Multi-Risk Indicators Approach for Urban Resilience Assessment – Interim Results

The INCREASE-MIA subproject, led by KIT is addressing the complexities of urban resilience assessment, offering in-depth analyses and practical pathways towards disaster-resilient urban development.

The INCREASE-MIA subproject focuses on developing a Multi-risk Indicators Approach for Urban Resilience Assessment. Research led by KIT in the project has produced the following interim results:

  1. Report on existing international IDRM indicator approaches: The report examines various international frameworks, including the Sendai Framework for Disaster Risk Reduction and the MCEER '4R' Resilience Framework, along with European frameworks like MATRIX and DAPP. It also delves into different indicator approaches for measuring IDRM performance, such as Baseline Resilience Indicators for Communities (BRIC), Risk Management Index (RMI), Urban Disaster Risk Index (UDRi), Disaster Resilience Index (DRI), Disaster Resilience Scorecard for Cities (DRSC), and Resilience Performance Scorecard (RPS).


  2. Report on entry points for action to operationalize development pathways toward IDRM: The report identifies key entry points for IDRM, including the integration of DRM into development policies, post-disaster initiatives, comprehensive risk and resilience assessments, engagement across sectors, active stakeholder participation and potential support from resilience networks and programs. .
    Figure 1: Entry points for action to operationalize IDRM .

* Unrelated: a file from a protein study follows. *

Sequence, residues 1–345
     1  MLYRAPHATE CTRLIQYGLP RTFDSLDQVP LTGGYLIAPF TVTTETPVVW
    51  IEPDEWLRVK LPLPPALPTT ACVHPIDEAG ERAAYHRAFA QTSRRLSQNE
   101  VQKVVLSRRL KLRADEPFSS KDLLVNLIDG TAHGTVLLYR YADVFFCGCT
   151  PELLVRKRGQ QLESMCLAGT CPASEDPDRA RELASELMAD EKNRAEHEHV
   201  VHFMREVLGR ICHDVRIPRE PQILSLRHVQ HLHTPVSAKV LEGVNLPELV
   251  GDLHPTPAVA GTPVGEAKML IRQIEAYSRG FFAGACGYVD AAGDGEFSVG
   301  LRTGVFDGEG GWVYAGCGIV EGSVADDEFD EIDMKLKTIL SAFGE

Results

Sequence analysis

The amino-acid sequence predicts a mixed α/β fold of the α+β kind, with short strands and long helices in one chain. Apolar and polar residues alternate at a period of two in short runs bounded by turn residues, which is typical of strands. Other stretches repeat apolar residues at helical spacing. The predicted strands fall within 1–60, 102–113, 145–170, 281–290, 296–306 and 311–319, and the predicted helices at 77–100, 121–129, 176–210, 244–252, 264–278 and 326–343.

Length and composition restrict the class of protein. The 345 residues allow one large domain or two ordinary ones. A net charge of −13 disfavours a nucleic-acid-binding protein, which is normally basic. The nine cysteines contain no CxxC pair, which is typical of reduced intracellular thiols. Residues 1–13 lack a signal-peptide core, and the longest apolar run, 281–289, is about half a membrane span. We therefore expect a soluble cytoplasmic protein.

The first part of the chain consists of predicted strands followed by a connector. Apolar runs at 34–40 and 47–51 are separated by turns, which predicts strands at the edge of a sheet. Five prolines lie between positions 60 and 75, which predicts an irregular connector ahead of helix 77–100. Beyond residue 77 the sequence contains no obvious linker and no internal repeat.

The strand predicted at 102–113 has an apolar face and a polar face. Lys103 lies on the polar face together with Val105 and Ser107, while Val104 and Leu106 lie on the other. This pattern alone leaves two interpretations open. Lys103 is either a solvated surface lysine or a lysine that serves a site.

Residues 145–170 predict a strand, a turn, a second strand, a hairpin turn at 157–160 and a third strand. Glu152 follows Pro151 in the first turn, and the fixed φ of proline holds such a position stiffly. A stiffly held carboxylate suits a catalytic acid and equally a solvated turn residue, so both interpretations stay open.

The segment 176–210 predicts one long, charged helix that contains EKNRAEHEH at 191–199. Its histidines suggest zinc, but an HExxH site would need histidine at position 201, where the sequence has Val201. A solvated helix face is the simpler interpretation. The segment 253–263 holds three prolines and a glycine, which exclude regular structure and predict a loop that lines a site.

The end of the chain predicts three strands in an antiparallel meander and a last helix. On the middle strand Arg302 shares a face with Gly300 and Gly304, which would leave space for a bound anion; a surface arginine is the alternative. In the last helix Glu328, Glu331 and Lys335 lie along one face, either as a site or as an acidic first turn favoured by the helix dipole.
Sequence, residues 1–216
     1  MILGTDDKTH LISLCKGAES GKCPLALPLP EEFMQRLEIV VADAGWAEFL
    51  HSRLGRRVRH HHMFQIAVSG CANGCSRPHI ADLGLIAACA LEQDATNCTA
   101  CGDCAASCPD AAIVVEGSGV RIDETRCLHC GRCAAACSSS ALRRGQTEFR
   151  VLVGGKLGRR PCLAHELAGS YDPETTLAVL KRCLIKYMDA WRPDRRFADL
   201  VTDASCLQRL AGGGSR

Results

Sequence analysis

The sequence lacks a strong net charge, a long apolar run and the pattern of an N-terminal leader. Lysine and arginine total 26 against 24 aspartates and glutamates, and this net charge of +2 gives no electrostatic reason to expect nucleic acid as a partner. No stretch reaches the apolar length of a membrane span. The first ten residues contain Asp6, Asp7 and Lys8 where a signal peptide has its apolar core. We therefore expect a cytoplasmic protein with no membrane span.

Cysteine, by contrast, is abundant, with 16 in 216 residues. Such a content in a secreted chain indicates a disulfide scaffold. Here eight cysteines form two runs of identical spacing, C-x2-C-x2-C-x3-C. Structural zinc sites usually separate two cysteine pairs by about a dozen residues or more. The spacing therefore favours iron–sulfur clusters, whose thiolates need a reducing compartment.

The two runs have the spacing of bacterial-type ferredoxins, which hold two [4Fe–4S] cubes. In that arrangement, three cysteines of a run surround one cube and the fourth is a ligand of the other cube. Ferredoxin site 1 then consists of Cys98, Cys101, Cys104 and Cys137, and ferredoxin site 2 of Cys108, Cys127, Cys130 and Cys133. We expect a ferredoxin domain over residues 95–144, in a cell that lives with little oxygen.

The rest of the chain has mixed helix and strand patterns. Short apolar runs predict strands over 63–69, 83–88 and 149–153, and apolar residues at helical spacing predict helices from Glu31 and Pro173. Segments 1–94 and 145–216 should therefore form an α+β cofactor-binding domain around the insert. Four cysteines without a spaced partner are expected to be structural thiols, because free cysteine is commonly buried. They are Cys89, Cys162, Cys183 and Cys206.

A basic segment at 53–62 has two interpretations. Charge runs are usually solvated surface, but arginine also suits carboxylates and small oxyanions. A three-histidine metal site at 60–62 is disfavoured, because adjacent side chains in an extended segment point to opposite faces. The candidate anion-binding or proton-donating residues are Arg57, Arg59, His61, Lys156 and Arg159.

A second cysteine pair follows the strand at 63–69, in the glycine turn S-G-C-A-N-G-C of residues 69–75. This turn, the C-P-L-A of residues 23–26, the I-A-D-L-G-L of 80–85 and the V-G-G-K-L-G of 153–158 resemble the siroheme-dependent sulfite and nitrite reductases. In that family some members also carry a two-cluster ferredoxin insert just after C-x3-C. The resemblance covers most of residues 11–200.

3. Report on state-of-the-art approaches to operationalize development pathways towards IDRM: The report focuses on IDRM into development processes, aligning with the UN's definition of resilience and supporting Sustainable Development Goal 11 to create inclusive, safe, resilient, and sustainable cities. The report explores frameworks and indicators for risk and resilience assessment, including the Disaster Resilience Integrated Framework for Transformation (DRIFT), and highlights adaptive resilience planning with approaches like the multi-criteria decision making Risk Matrix Approach and the Dynamic Adaptive Policy Pathways (DAPP) approach. .
    Figure 2: Ranked Disaster Scenarios following Risk Matrix Approach.


  4. Report on operationalizing the IDRM framework using a performance-based scorecard approach: This report explores the operationalization of an IDRM framework through a performance-based scorecard approach. It highlights key indicators for measuring risk management performance, disaster resilience, urban risk, and city resilience.
  5. Working Paper on Earthquakes, IDRM and the Impacts of Major Urban Earthquakes in Iran and Germany: This study compares earthquake risks and responses in Iran and Germany, highlighting the critical role of Integrated Disaster Risk Management (IDRM). Iran's high seismic activity has led to catastrophic events like the 1990 Manjil-Rudbar, 2003 Bam and 2017 Kermanshah earthquakes, revealing deficiencies in building standards, emergency preparedness, and public awareness. Conversely, Germany's lower seismic risk is met with robust preparedness and response systems. The analysis emphasizes the need for stringent building codes, public education, and stakeholder involvement in IDRM. Lessons from both countries underscore the importance of comprehensive planning and implementation of disaster risk reduction measures, adaptable to various hazards, guiding policymakers in enhancing resilience against earthquakes and other disasters.
  6. 6. Report on common basis & understanding on multi-hazard/multi-risk definitions, methods, tools, and concepts: The report establishes a common understanding of disaster risk reduction terms and concepts among various stakeholders. It emphasizes Integrated Disaster Risk Management (IDRM), as a holistic, multi-sectoral approach for managing hazards, involving risk assessment, management, communication, governance, and financing. The report also reviews global multi-hazard risk assessment tools, approaches, and concepual frameworks.

Associated institute at KIT: Institute of Photogrammetry and Remote Sensing (IPF)
Author: Trevor Girard (Jan 2024)
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